Three more tips on using TextExpander

Over five years of using TextExpander I’ve saved myself typing whooping 400,000 characters (a medium-size PhD dissertation). Yet, there are always new ways to use this amazing software. Here are three recent examples I’ve introduced into my workflows:

1. Names with accented characters

I work with people whose names contain accented characters (å, ö, č, etc.). I agree with this argument that correct spelling of names is very important, but disagree that Microsoft Word’s Autocorrect is the best solution. Neither do I want to change the Keyboard layout just for one character or to search for that character in Apple’s Character Viewer. Instead, I use TextExpander to automatically change “Hakan” to “Håkan”, “Jorn” to “Jörn” etc. Then I don’t need to lift my fingers from the keyboard to keep my colleagues pleased with seeing their names correctly spelled.

More so, the place I live in is called Bosjökloster and it is in town of Höör. Guess what my snippets [,,bos] and [,,hh] refer to! These two I use at least several times a week filling in various forms.

2. The URL of a publication

I have recently published an Open Access article and I want to spread the word. Unfortunately the URL for that article (http://www.sciencedirect.com/science/article/pii/S0301421514004960) is not so easy to remember. But I have a memorable Text Expander snippet generating this URL every time I type [,,4as] (the article is about the four As).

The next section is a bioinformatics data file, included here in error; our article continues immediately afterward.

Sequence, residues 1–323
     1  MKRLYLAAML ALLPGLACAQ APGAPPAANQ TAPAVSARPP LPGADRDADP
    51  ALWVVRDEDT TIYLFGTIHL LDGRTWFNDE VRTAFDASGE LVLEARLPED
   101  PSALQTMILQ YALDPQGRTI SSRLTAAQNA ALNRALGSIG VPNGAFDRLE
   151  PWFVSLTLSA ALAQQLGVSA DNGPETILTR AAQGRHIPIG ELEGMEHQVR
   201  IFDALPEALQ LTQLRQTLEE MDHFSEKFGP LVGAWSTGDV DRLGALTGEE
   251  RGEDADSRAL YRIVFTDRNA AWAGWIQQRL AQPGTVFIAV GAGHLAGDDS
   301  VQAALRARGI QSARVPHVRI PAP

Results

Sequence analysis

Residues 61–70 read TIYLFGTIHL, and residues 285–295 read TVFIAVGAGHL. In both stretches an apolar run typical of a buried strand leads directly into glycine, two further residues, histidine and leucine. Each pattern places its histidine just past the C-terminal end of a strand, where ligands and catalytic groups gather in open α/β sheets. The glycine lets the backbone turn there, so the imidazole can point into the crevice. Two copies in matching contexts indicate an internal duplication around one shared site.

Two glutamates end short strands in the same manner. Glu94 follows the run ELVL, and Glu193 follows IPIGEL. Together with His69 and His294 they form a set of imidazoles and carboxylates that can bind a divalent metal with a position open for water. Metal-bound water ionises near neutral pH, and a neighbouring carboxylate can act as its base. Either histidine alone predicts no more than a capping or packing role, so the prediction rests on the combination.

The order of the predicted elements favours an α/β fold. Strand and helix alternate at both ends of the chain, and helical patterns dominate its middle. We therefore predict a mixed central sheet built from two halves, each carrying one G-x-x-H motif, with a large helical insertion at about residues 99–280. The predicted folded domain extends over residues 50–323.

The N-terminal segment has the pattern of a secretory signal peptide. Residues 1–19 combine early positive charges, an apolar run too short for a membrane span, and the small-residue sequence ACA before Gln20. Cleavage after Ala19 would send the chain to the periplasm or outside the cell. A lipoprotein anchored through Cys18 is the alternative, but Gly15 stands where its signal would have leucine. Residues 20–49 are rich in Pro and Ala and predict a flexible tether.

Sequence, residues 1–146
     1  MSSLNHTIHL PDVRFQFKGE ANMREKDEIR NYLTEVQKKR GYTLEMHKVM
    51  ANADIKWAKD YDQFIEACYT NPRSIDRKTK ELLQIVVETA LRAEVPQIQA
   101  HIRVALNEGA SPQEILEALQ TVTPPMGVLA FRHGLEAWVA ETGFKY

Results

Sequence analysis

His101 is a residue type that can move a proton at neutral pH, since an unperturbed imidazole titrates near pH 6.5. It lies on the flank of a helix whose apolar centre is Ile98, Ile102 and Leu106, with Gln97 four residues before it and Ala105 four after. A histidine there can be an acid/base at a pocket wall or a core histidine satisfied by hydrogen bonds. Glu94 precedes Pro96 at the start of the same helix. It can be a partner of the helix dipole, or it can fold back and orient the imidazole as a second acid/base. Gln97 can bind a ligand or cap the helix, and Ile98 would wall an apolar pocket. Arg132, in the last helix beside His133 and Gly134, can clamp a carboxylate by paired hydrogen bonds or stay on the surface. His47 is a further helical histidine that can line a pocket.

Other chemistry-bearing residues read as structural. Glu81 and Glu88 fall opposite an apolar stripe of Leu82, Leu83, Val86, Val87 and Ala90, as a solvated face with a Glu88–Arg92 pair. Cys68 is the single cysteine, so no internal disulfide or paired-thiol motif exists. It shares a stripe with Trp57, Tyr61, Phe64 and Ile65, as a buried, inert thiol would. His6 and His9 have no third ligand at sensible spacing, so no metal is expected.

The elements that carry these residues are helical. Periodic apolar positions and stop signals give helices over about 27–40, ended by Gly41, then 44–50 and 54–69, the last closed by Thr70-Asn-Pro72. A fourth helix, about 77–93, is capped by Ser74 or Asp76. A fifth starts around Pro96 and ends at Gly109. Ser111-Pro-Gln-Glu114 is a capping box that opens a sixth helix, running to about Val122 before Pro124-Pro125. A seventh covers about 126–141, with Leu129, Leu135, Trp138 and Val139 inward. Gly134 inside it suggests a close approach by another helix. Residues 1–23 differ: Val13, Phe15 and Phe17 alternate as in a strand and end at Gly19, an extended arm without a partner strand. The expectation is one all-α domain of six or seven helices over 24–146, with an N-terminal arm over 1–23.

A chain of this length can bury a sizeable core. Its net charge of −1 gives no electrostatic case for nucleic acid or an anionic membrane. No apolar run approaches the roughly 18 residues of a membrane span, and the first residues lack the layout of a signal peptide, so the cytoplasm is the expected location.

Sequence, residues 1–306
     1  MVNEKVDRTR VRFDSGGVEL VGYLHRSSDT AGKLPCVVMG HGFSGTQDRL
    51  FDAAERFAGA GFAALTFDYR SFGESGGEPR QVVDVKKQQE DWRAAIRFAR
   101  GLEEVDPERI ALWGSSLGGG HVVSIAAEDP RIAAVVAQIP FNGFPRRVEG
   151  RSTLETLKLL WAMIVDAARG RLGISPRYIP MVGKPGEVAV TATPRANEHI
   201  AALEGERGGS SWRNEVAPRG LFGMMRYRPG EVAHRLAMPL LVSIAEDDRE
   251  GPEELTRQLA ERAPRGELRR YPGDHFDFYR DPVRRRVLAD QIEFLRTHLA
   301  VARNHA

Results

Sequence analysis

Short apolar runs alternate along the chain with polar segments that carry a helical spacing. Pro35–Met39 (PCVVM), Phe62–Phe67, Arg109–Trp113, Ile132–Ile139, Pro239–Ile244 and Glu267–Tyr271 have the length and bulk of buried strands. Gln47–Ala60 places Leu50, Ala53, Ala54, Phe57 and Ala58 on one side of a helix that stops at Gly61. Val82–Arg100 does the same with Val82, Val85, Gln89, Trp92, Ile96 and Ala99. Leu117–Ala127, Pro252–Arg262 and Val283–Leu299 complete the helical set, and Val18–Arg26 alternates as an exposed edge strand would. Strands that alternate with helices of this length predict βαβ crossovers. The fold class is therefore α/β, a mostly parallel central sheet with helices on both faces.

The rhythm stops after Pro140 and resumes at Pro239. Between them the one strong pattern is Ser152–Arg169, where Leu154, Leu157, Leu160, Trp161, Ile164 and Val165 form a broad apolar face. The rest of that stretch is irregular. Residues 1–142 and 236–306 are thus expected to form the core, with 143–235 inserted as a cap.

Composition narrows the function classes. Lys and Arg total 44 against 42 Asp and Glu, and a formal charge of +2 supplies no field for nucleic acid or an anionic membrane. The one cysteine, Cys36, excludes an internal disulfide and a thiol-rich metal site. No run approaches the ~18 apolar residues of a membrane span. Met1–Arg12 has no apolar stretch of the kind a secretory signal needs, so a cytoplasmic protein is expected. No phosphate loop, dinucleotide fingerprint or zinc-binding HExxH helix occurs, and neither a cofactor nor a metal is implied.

3. A standard OmniFocus task

When I receive an email with a flight booking I always create an OmniFocus task to check-in online the day before the trip. When I check in I need to have the booking number at hand. Here is my workflow for this.

  1. Select the booking number in the email message
  2. Press the OmniFocus’ clipping shortcut (e.g. ⌥⌘X)
  3. Type the TextExpander abbreviation for a checking-in reminder (e.g. ,,chk)

TextExpander the task a title and fills in the necessary OmniFocus information: project (“Travel“), context (“Desk:Mac“) and the relevant dates which it asks me to specify. (It also adds text @simple to the title of the task which I use in my OmniFocus perspectives to filter simple, medium and major tasks.). The check-in open date becomes the OmniFocus’ Defer until date and the flight date becomes the OmniFocus’ Due by date. I do not even need to specify the actual dates because OmniFocus would also understand “mon” (next Monday) or “+1w” (a week from today). Then it just to press  and I have my OmniFocus task with a link to the original email enclosed as the note. Here is the snippet:

check-in online @simple %key:tab%Travel%key:tab%Desk:Mac%key:tab%%
filltext:name=Check-in opens:default=15/1/1%%key:tab%%filltext:nam
e=Flight date:default=15/1/1%

If you don’t use Apple Mail you can slightly modify this workflow. First, copy the booking code to the clipboard. Then press ^Space to start a new OmniFocus task, then fire the slightly different snippet below. It inserts the content of the Clipboard into the title of the task. The rest is the same.